After more than a decade since its emergence, mobile money has evolved as the formal financial service of choice for many underserved groups in developing countries. The rapid adoption and widespread use in these areas aren’t due to its convenience (as it is in many developed markets) but on its necessity, since it bridges gaps for unbanked people that the existing banking sector cannot.
As a result, emerging markets have become the epicentre of mobile money activity, with sub-Saharan Africa experiencing the most growth. Transaction volume and value in the region have seen double-digit growth during the last decade, and mobile money accounts are expected to reach 500 million at the end of 2020.
As expected, the success of such services attracted the attention of tax authorities seeking to expand their revenue base. After all, in sub-Saharan Africa, the formal economy represents about 34% of the population, putting extra pressure on states to seek new sources of revenue. Mobile money services have been such an opportunity.
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‘Poorly designed tax policy’
While there is no doubt that African governments have to raise taxes and broaden their tax bases, they must also approach tax policy with a discerning eye. Despite the diverse methods proposed to tax mobile money, in most cases the results – especially on mobile money transaction – are controversial, proving the structural weaknesses of taxation in the region and putting Africa’s financial inclusion at risk.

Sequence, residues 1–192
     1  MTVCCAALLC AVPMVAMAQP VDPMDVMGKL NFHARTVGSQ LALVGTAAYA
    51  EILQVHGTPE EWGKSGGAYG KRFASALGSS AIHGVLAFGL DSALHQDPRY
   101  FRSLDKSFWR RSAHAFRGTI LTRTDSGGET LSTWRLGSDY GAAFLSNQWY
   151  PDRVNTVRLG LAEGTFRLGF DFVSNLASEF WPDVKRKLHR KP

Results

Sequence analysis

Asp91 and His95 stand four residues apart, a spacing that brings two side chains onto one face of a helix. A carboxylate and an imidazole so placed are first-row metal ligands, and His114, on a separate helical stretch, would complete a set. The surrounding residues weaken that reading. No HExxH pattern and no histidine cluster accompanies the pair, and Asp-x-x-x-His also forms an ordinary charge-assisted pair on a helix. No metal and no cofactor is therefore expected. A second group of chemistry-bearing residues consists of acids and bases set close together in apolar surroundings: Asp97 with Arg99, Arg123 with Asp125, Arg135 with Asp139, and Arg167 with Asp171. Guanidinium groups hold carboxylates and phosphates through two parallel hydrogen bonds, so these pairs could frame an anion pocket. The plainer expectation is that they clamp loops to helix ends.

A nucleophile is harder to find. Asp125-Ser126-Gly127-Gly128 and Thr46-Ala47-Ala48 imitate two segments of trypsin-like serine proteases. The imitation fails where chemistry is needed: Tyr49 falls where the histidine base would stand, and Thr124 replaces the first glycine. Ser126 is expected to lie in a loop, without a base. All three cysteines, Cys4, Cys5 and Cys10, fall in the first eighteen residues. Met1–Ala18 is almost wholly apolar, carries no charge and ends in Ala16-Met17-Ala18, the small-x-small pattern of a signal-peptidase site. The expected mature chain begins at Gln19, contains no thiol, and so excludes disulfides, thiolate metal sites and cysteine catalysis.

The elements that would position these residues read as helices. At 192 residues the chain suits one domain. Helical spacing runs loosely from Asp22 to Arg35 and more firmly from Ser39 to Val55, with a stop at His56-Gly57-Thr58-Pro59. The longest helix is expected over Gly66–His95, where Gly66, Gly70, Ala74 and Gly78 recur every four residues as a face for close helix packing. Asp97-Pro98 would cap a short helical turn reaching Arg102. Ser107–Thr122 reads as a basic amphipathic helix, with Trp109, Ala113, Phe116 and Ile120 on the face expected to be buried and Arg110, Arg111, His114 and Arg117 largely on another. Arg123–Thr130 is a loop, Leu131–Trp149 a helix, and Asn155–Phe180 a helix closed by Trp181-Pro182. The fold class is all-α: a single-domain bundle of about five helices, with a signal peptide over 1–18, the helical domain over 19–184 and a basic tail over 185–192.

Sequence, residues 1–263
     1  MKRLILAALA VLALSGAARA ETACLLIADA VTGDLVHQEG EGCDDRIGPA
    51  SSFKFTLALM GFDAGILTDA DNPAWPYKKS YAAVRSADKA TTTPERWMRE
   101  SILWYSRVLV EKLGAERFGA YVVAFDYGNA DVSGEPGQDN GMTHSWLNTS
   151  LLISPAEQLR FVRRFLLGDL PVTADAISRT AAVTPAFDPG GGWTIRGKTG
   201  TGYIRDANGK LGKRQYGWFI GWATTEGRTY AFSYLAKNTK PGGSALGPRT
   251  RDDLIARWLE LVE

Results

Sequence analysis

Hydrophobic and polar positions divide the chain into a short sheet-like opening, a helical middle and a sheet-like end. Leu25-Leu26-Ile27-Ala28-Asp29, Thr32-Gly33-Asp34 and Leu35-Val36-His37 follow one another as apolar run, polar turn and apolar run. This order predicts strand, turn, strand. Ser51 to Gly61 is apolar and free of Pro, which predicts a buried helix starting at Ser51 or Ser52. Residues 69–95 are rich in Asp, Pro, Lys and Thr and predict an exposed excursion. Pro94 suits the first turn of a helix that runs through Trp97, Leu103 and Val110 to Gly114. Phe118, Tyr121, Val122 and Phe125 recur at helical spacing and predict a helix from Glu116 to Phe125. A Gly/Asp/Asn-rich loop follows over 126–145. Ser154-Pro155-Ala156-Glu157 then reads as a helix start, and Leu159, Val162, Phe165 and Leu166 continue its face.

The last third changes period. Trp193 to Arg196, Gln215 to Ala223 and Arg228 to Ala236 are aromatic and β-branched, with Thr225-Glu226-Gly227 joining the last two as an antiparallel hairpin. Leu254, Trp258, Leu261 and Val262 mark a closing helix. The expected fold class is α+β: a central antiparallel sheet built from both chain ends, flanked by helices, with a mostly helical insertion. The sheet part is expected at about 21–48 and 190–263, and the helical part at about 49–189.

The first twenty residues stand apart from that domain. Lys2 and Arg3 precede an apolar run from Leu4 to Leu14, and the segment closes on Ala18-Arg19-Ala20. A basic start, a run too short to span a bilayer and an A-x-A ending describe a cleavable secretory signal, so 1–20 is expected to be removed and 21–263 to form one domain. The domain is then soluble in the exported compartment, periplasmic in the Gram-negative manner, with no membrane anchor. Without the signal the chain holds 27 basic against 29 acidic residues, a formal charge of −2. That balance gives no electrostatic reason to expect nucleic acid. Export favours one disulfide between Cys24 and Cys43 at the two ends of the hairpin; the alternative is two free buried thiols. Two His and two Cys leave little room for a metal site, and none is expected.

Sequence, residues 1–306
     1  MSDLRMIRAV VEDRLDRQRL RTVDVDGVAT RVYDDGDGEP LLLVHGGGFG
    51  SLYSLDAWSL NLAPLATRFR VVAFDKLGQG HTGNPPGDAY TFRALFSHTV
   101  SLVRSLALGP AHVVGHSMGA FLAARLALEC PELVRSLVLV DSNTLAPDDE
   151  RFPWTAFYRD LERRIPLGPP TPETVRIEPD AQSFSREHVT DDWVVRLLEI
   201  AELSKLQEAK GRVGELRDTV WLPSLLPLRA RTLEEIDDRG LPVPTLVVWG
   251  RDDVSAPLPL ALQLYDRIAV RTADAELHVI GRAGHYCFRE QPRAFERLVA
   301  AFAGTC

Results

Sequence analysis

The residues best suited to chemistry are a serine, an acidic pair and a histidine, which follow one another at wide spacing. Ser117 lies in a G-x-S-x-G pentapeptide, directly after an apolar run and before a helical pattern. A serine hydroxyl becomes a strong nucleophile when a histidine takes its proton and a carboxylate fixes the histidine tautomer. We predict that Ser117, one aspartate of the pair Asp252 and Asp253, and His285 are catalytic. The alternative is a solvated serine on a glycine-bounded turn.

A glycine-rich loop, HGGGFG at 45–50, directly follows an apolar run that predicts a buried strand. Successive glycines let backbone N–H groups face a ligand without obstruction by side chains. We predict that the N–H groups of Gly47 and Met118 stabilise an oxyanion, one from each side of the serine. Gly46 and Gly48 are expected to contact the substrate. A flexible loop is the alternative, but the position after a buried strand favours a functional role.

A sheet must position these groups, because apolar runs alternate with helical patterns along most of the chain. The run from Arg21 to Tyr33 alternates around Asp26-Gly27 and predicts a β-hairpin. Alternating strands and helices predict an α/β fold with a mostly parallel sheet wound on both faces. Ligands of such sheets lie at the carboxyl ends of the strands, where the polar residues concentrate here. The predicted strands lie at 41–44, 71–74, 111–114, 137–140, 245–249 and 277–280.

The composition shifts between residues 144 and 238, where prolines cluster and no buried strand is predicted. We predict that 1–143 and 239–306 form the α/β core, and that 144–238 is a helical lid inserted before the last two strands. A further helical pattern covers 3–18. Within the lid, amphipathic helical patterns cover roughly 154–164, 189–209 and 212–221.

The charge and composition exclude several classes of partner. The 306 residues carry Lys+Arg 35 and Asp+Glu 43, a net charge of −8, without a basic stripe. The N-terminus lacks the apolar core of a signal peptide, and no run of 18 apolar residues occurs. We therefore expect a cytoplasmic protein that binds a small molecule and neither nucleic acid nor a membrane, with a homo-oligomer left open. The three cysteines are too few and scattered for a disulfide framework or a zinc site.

A recent report from GSMA notes: “State authorities are unable to fully understand the nuances of emerging sectors, such as mobile-money services or even the wider digital economy.” The result has been “badly designed taxes which, although they may seem attractive at first sight, fail to consider the impact on the broader economy and society.”
A poorly designed tax policy, leads to deficient outcomes. Independent research and reports from prestigious organisations, such as the above mentioned GSMA, reveal aspects of the problematic way in which mobile money services are treated. This includes specifics of the population that uses these services or the negative impact on financial inclusion those taxes bring about.
There is a lack of capacity within research units at the policy level and a lack of national policy frameworks to guide them. As a result, the full impact of mobile money taxes is not adequately assessed. “Political economy factors are ever-present too, which leads to these taxes being implemented without established processes being followed,” the GSMA report argues. It also adds that where these taxes have been implemented, mobile money transaction values have contracted, and “their growth trajectory reduced with negative implications for wider CIT and VAT tax takes.”
According to another report of GSMA, 77% of mobile money providers reported paying sector-specific taxes in 2019, whether on fees, transaction values, or total revenue. Additionally, 23% of those affected said taxation was harming the uptake of mobile money services and their business, revealing the regressive effect of poorly designed taxes.
Channel VAS‘ mobile financial services provide access to over $12m daily to a pool base of more than 750 million subscribers globally, a significant amount of which are in the sub-Saharan region. We have experienced first-hand these services’ growth, their beneficial effects on underserved populations, as well as how they can be hindered by poorly designed taxation.
Mobile money has enabled sub-Saharan Africa to achieve unprecedented financial inclusion levels and will continue to contribute to broader development goals. When contemplating mobile money taxation, authorities should consider the longer-term negative impacts of such policies and work on a more flexible, far-sighted and understanding framework that will lead to more growth and, in turn, more earnings for the states in the long run.
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